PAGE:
This post is also available in : frFrançais

Hi everyone, today we’re talking about hammers. Hammers are very important in the handpan making process but as players we don’t know much about them. Are handpan makers using the standard hammers we find in any DIY store?

I thought it would be great to interview Jimmy James who is well-placed to talk about this subject. Jimmy is a very good friend of mine. He is this kind of very funny, deep, wise man with whom I have discussed a lot about handpans and life in general. Ever since he offered me a place to stay in his motor home at Hangout UK festival I have called him ‘daddy’. Well, I had taken everything with me except a tent! Not too bad 😉

Hi Uncle Jimmy! Could you introduce yourself?

Hello, my name is Jimmy James, born in the colonial era in Hong Kong to a Royal Navy family, I grew up in London in the 50’s and 60’s and was profoundly affected by the cultural changes of the time, notably music. I became one of the first touring sound engineers based in UK and USA, working with many artists from clubs to stadiums including Michael Jackson, Stevie Wonder, Foreigner, Aerosmith, etc etc…. I moved to France in 1990 and worked with many French artists. My wife, Gillian O’Donovan, singer/musician and I have 2 children who are professional musicians.

For those who just entered the world of singing steel, could you just quickly explain to us why and when  hammers are involved in the handpan making?

From before the invention of the Handpan, Steel-Drum tuners were experimenting with different techniques to tune their instruments, nearly all of them involved hammers.

If you are sinking your own shells by hand you’ll need a big heavy sinking hammer, when you make dimples you’ll need 2 or 3 roundish hammers, shaping notes needs a couple of different diameters/profiles, when rounding off your gu roll you’ll need a largish ball-peen shape. Final tuning often involves hammering from the inside so a small hammer that will fit through the Gu is essential. My hammers are modular, meaning that you can change the heads, steel or Polyamide, for different sizes, profiles and functions. I also make wooden mallets, these are useful for smoothing, intersticial work, loosening notes etc and are made from old seasoned oak (from a 60 year-old wine press!) or beech.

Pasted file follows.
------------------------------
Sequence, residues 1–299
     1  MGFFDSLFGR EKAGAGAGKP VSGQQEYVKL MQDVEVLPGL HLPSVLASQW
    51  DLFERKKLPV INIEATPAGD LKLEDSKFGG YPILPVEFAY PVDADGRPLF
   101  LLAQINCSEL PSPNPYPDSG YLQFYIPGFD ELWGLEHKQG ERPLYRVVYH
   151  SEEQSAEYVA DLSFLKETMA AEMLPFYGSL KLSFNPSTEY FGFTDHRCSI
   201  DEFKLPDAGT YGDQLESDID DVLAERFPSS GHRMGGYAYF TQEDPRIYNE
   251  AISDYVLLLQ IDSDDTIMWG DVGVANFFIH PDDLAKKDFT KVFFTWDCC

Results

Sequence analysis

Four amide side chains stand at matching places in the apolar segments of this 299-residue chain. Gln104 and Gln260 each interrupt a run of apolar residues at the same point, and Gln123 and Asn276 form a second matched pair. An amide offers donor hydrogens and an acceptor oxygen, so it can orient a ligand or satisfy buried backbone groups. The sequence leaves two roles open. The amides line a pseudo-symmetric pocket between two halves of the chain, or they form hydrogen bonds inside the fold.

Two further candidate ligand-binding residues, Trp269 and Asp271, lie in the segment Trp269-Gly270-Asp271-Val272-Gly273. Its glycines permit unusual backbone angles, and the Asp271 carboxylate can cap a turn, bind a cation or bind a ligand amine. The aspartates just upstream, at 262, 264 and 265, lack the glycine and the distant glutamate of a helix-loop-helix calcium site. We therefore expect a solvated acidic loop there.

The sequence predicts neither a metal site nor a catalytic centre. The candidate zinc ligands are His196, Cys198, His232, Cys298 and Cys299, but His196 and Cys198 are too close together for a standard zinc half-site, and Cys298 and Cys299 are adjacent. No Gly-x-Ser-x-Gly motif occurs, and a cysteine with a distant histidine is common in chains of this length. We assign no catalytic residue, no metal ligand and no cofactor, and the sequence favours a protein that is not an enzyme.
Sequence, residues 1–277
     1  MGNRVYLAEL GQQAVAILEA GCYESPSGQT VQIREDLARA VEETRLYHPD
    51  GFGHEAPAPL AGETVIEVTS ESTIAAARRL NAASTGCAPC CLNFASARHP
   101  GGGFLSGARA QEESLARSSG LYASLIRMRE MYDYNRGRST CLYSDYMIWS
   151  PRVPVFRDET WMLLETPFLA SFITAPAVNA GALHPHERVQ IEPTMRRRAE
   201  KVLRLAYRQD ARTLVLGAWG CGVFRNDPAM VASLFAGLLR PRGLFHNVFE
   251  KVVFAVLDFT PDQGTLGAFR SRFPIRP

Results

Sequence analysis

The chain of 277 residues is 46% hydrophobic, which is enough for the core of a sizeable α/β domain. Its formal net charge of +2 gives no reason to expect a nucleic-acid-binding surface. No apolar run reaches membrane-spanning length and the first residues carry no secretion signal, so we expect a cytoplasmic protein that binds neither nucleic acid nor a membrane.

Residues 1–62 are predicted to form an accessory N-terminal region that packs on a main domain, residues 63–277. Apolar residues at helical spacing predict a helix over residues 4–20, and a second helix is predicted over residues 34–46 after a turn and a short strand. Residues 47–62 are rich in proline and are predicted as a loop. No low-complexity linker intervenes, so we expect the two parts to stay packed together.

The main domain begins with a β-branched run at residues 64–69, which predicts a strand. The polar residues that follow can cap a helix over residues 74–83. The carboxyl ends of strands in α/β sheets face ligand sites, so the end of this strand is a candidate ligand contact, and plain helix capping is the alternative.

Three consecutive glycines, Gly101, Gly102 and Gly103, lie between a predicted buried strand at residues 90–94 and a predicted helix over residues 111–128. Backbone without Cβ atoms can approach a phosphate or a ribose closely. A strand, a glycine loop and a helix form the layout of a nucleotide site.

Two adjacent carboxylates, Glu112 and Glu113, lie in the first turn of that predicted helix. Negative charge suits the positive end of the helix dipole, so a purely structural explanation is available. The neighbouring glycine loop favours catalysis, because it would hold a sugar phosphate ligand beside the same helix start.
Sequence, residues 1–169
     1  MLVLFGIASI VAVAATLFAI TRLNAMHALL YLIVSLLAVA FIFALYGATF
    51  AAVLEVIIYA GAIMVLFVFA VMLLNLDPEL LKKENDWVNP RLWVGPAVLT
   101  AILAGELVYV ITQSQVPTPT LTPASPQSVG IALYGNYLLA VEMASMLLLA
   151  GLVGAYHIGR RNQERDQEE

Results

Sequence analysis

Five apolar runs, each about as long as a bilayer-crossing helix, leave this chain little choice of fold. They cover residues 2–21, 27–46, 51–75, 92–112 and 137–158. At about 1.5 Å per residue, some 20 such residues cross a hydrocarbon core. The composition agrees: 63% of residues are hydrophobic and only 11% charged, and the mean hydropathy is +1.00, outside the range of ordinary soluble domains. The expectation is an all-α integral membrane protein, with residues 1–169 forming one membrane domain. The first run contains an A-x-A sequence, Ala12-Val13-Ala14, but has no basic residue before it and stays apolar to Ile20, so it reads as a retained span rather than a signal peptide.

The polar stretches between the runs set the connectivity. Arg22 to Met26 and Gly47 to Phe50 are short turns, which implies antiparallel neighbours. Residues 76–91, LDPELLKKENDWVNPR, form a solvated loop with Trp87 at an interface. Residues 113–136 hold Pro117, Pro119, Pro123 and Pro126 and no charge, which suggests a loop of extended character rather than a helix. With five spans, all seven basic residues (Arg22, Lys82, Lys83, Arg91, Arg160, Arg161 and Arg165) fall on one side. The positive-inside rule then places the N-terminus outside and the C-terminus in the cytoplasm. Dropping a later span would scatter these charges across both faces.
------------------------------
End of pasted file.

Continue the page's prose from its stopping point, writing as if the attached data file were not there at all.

Could tell us more about Jimmy’s House of Hammers?

The name was inspired by a British horror movie company, ‘Hammer House of Horrors’. In 2013 I met Michael Colley and we decided to try making handpans together under the name of Aciel. He had a vast knowledge of the handpan world as it was then and a large collection of Hang, Halo, SPB etc. We soon realised that special tools were required for this evolving art-form. As nothing was available at the time and I was responsible for the engineering side of Aciel development,  I made a series of hammers for Michael to shape and tune with, which were mostly successful.

Hammers are an essential part of creating musical instruments from sheet steel. The complex profiles at the various regions of the shell and at different stages require many shapes, sizes, weights and materials. Hammers become very personal tools as so much time is spent using them and the results are inextricably linked.

Following my departure from Aciel I was asked by several people launching their own projects to make them hammers…. Jimmy’s House of Hammers was born.

I decided to create a range of hammers with interchangeable heads, reducing the need to have a large range of fixed-head hammers. I make 3 basic handles and a large varieties of heads in high carbon steel and Polyamide plastic which all fit the hammers. These cover many of the stages of handpan making and custom orders are also possible. My heads will also work with air-hammers which have been fitted with the correct adaptor.

The arrival of my wood lathe has allowed me to explore wooden mallets which have also proved very popular.

As getting started in handpan making and tuning can be expensive I have always tried to keep prices to a minimum and basic prices have not risen since I started.

I have created a page on Facebook for Jimmy’s House of Hammers

Anyone interested in more information can leave me a message.

My hammers now reside in many countries of the world, from India to USA, from Finland to Australia. I have been working on a new website to come soon but I am having trouble leaving the workshop!

Ok, so now what’s the future ?

A big investment in a new metal lathe soon should help to speed up my processes and improve quality still further. At the moment there is an explosion of new handpan makers emerging to fill the gap that has existed in the market for years, how long that will continue is yet to be seen but I will continue to adapt to an evolving market and hopefully help new makers to realise their dreams.

May the force be with you uncle Jimmy! Thank you for what you are doing for our community.

What about you? Which hammers are you using? Leave us a comment!